Sunday, November 1, 2015

On Buddhism, Money, and Meaning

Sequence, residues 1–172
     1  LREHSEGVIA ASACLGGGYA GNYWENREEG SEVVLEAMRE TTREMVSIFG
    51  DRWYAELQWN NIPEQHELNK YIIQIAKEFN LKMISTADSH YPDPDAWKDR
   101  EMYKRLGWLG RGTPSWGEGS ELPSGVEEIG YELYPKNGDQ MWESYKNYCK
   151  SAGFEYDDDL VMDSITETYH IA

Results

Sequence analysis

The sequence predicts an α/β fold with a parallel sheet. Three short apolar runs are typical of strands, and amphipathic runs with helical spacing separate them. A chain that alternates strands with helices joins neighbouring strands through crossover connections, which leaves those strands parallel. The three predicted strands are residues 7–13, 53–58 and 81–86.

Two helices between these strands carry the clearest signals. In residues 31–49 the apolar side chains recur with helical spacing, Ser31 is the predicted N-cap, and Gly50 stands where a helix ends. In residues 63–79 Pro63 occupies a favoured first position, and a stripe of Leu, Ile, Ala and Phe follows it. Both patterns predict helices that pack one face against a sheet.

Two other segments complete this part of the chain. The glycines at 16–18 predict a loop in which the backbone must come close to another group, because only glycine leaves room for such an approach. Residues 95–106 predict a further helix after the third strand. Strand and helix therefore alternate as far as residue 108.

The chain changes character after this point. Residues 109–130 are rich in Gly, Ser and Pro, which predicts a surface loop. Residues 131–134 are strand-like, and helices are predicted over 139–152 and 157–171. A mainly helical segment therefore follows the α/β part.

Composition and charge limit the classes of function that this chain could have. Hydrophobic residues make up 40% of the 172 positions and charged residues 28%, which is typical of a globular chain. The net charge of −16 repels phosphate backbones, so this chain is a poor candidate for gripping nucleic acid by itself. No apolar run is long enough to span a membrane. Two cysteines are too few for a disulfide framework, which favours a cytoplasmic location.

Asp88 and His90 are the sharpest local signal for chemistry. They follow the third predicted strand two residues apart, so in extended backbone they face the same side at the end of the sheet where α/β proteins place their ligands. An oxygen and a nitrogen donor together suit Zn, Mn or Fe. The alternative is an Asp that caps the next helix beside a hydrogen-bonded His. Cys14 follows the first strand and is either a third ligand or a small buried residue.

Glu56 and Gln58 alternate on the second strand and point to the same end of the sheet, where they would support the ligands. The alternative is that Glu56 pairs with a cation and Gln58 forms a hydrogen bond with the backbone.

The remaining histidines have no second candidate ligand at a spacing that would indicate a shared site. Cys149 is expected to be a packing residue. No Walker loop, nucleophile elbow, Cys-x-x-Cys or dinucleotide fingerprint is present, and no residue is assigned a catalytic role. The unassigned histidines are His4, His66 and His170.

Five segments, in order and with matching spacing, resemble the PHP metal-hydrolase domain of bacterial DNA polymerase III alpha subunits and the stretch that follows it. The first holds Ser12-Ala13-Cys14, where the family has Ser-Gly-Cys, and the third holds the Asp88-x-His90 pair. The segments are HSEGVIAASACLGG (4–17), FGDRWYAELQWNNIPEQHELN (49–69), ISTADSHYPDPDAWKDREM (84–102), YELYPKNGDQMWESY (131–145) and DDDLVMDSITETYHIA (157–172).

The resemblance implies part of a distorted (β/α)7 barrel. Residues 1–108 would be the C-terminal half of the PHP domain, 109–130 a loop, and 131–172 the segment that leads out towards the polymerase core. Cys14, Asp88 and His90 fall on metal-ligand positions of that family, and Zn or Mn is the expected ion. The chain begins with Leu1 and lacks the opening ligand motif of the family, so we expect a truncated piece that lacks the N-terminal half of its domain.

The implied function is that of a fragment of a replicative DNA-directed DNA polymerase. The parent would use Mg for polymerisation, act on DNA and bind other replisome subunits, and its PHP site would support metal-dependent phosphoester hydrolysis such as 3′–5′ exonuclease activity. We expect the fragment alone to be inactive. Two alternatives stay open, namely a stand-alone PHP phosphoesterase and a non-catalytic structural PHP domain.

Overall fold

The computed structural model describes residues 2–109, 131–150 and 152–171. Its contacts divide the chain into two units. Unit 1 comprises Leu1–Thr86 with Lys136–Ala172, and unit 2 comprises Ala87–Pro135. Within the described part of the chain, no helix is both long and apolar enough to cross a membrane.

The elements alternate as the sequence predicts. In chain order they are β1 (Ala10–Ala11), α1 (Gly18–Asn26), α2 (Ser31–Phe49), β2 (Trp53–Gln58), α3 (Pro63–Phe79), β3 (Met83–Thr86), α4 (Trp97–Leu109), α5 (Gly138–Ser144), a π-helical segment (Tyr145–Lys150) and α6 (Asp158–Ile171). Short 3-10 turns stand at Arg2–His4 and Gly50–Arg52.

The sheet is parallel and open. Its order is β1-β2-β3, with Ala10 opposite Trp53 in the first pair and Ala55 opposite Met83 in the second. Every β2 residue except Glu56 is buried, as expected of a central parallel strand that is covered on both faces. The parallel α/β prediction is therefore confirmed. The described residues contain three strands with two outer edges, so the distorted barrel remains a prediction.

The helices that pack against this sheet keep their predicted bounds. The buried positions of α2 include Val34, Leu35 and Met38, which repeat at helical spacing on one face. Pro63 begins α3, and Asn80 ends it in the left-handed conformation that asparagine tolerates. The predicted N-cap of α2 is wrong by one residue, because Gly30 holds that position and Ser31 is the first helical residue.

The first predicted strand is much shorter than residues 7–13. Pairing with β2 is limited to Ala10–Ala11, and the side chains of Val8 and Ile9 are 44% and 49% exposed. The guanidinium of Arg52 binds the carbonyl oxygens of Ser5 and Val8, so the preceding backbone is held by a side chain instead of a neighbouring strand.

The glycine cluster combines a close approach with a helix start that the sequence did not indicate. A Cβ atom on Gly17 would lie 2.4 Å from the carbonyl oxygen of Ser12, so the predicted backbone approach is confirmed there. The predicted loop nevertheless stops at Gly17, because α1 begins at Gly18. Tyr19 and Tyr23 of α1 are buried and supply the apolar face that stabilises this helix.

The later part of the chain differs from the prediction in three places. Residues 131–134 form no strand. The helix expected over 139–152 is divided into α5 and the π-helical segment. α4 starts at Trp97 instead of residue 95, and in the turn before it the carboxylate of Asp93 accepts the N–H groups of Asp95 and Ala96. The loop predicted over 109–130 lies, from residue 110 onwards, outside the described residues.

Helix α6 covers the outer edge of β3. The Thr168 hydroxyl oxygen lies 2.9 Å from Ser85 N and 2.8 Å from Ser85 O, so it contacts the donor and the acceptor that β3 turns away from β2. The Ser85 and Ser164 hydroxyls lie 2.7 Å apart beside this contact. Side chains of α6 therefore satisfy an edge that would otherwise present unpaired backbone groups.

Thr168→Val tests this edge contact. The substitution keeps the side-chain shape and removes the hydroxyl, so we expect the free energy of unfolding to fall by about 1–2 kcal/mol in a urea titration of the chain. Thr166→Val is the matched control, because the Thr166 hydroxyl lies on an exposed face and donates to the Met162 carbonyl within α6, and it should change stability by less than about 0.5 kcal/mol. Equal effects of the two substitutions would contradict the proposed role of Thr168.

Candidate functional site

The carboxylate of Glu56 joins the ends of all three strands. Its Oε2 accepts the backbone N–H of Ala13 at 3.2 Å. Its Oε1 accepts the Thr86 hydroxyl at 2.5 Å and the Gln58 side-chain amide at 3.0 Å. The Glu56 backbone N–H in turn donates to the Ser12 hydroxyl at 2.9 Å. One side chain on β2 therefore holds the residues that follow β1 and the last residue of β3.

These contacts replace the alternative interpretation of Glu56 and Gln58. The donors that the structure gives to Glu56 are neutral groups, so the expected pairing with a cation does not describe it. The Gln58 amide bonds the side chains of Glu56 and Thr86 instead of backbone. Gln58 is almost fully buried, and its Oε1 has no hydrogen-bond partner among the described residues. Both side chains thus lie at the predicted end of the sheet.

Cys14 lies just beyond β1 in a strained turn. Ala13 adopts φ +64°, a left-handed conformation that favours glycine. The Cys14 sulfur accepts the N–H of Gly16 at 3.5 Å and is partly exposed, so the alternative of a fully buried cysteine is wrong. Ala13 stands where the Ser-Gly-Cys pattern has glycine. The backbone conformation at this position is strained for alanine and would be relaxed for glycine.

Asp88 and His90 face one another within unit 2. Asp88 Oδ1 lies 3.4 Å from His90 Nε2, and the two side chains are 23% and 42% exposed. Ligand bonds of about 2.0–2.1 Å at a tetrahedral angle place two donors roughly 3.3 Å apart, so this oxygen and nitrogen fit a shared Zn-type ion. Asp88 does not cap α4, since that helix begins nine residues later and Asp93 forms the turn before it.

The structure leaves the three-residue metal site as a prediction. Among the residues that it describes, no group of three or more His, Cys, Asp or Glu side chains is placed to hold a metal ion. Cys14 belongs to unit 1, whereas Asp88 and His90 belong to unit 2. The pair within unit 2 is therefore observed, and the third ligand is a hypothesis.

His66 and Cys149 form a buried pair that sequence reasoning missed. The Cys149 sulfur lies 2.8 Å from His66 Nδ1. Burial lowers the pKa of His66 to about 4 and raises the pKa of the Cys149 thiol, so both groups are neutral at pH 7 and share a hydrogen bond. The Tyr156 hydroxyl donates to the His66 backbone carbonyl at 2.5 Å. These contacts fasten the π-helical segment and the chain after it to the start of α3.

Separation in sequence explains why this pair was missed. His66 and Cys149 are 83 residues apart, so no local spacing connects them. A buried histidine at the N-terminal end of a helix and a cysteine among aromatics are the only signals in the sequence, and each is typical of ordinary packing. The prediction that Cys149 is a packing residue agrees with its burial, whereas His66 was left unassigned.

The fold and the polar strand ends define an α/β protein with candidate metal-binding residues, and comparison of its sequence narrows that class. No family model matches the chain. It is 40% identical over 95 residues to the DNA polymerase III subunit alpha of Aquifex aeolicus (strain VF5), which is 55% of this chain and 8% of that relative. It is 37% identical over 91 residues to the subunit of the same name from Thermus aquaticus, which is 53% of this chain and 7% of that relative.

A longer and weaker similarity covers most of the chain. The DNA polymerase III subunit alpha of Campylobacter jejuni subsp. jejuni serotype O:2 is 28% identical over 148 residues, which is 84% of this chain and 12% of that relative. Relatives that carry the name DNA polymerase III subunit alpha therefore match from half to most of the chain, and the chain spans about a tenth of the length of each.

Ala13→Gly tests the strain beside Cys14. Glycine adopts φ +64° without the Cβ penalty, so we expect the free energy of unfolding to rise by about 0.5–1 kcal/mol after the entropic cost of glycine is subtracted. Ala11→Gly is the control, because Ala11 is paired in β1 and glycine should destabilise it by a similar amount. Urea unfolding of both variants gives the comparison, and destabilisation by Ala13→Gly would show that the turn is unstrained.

On Buddhism, Money, and Meaning: As a religion, Buddhism teaches that money is temporary, and ultimately meaningless in the long-run. As a philosophy, Buddhism questions how people can view something which is increasingly abstract (money), as something extremely practical. In the days of Ancient Rome, Greece, and Egypt, money was typically synonymous with precious metals (gold, silver, copper, etc.). For millenia, metallic coins served as the primary vehicles used to catalyze the process of exchanging goods. Throughout the 19th century, however, a variety of industrializing nations (beginning with Britain in the 1820s) adopted paper money as their basic facilitator of trade. Today it seems that money is becoming ever-more electronic (or paperless), as credit cards, Bitcoin, and PayPal-type mechanisms are starting to dominate the point-of-sale process. But why do people continue to attach themselves to something which is becoming less and less tangible? Buddhist philosophy states that no amount of money will ever make one feel secure. Yet one could set a personal money-saving limit to reach, which could one day lead to financial Nirvana.

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